The 2011 annual VEITH Symposium was held from November 16-20 in New York City. The features below highlight just some of the studies that emerged from the meeting.
» Novel Device for Clampless, Bloodless Vascular Surgery
» Analyzing Treatments for Asymptomatic Carotid Stenosis
» An Ultrasound Technique for Acute PE?
» Surgical Bypass Beneficial for Blocked Femoral Artery Vessels
» Endoprosthetic AAA Device Helps in EVAR
The Particulars: Surgeons traditionally place clamps on either side of an anastomosis to keep the area clear of blood while performing the procedure. Traditional clamps, however, can injure delicate vessels. A“clampless” device may help surgeons keep the area clear of blood during anastomosis.
Data Breakdown: In a small study, 92% of anastomoses were completed using LeGoo (Pluromed), a water-soluble, low-viscosity gel that forms a plug and conforms to vascular geometry. It allows for suturing directly through the gel and does not need to be removed after anastomosis. After being injected proximally and distally, LeGoo conformed to the luminal contour to prevent bleeding in the anastomotic site. It then dissolved on its own within 20 minutes.
Take Home Pearls: An injectable gel appears to keep surgery sites clear of blood for surgeons performing anastomosis. It does not appear to harm delicate surrounding vessels.
Analyzing Treatments for Asymptomatic Carotid Stenosis [back to top]
The Particulars: Previous research has demonstrated that surgery appears to be associated with greater benefits than medication for moderate and severe asymptomatic carotid stenosis. Whether this research is still relevant is unknown.
Data Breakdown: In recent studies, the reported risk of ipsilateral stroke with current medical interventions alone for asymptomatic carotid stenosis has been recorded as three times lower than that reported with endarterectomy in other analyses. Improvements in surgical intervention have decreased the rate to about 0.9%. This is double the rate of ipsilateral stroke that is currently being seen with medical interventions.
Take Home Pearls: Rates of ipsilateral stroke appear to be lower for patients with asymptomatic carotid stenosis who receive current medical intervention than for those who receiving stents or surgery. More research is needed to clearly assess long-term outcomes of interventions for patients with moderate and severe asymptomatic carotid stenosis.
An Ultrasound Technique for Acute PE? [back to top]
The Particulars: More than 600,000 Americans have a pulmonary embolism (PE) every year, almost half of whom develop pulmonary hypertension or die. The intravenous delivery of high doses of clot-dissolving agents over 2 hours is known to cause bleeding. Other strategies for treatment are needed for these individuals.
Data Breakdown: A retrospective analysis was conducted of intermediate- and high-risk PE patients treated with ultrasound-accelerated thrombolysis (USAT). This procedure is used to deliver low doses of clot-dissolving agents directly into the clot. In all patients in the analysis, right ventricular dysfunction and clot burden appeared to decrease significantly. All patients who underwent USAT were discharged from the hospital with no systemic bleeding complication.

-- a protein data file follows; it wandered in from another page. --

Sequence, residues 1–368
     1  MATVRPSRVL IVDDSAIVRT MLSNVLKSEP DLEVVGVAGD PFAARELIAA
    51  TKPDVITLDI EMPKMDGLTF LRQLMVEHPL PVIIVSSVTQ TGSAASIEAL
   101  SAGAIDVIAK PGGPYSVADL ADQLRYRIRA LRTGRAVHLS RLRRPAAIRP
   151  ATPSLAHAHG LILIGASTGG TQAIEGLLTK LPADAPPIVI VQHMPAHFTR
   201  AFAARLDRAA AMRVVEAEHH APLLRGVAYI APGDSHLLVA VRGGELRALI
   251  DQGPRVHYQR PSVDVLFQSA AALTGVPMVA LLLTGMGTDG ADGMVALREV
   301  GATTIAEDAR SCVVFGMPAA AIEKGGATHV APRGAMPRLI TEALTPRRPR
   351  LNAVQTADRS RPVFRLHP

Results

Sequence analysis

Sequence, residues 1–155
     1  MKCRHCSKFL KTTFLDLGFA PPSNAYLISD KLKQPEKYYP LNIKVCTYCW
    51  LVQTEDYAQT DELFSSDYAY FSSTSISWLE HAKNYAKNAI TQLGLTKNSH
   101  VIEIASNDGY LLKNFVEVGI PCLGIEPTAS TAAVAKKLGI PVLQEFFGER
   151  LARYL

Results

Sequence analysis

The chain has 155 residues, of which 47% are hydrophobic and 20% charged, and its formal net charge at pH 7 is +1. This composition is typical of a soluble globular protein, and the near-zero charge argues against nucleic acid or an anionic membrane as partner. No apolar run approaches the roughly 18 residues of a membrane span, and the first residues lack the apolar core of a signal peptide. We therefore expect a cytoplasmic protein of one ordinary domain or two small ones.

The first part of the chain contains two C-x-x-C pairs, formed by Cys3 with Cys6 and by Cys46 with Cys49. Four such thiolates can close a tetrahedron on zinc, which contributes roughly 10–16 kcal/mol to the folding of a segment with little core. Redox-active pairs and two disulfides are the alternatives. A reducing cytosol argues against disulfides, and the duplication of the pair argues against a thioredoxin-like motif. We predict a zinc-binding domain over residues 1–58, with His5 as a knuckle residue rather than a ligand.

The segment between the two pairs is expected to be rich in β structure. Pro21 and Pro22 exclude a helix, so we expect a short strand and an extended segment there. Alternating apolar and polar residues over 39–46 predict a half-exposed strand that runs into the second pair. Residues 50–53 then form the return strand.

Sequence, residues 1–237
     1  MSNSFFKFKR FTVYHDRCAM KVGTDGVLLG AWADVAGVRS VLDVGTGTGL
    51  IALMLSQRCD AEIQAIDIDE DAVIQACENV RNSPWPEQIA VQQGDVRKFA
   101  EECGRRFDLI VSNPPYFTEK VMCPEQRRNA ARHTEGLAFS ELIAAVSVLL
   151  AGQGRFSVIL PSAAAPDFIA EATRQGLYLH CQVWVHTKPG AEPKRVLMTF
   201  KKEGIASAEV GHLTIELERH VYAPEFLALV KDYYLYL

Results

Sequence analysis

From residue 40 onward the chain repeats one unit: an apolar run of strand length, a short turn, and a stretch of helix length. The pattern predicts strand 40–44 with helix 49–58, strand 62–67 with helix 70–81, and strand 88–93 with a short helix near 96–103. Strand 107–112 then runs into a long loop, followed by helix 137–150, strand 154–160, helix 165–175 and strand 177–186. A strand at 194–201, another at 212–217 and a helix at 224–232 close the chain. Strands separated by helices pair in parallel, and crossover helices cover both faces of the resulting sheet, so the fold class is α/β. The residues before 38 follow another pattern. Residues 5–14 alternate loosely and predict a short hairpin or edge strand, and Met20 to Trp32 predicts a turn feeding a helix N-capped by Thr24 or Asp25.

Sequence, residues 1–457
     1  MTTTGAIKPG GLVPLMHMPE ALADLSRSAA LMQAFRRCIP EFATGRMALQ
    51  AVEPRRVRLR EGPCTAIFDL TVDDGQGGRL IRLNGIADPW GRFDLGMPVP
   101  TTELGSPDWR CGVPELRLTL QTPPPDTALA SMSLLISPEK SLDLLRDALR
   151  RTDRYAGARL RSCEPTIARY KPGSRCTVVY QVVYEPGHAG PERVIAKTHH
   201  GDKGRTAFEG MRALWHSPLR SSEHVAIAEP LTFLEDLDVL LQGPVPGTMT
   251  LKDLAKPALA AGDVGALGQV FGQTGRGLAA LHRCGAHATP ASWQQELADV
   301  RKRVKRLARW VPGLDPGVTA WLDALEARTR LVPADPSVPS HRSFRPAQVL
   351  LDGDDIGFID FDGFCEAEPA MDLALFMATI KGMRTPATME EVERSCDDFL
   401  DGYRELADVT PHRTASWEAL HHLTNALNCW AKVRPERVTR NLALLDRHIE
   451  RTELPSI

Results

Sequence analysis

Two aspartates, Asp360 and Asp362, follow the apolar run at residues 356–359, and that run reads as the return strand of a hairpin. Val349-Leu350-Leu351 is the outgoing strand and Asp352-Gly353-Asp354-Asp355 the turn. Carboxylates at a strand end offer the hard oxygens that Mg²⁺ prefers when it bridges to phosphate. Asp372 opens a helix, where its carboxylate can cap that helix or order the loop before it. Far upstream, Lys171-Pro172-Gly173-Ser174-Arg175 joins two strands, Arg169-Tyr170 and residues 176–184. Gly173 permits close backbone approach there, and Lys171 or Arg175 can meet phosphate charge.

Take Home Pearls: Using USAT in intermediate- and high-risk PE patients appears to rapidly reduce right ventricular dilation and clot burden. USAT also appears to be associated with no systemic bleeding complications.
Surgical Bypass Beneficial for Blocked Femoral Artery Vessels [back to top]
The Particulars: Research and debate continues over the best methods to treat vascular occlusions in the femoral artery.
Data Breakdown: The THRUPASS study compared superficial femoral artery lesion treatment with endoluminal polytetrafluoroethylene (PTFE) thrupass to that with surgical PTFE bypass. Researchers found a significant patency difference that favored surgical bypass (95% vs 44%).
Take Home Pearl: PTFE bypass appears to be the preferred treatment of patients with superficial femoral artery occlusions.
Endoprosthetic AAA Device Helps in EVAR [back to top]
The Particulars: Several treatments have emerged in recent years for endovascular aneurysm repair (EVAR). A variety of endografts for EVAR have been shown to last for a long time. Long-term results with the procedure, however, are needed.
Data Breakdown: In a study, researchers evaluated the durability of the Gore Excluder AAA endoprosthesis device (W.L. Gore and Associates, Inc.) in 201 EVAR procedures and followed patients for 11 years. Technical success was achieved in all cases, and no operative deaths were reported. During follow-up of 198 patients who survived 30 days, 11 type 1 and type 2 endoleaks occurred. Four patients with initial sac shrinkage developed slow aneurismal growth with an endoleak, and two debilitated patients had late graft infection and eventually died.
Take Home Pearl: Both the short- and long-term results of EVAR performed using the Gore Excluder AAA endoprosthesis device appear to be good with regards to safety and efficacy.
Readings & Resources (click to view)
For more information on these studies and others that were presented at the 2011 VEITHsymposium, go to www.veithsymposium.org.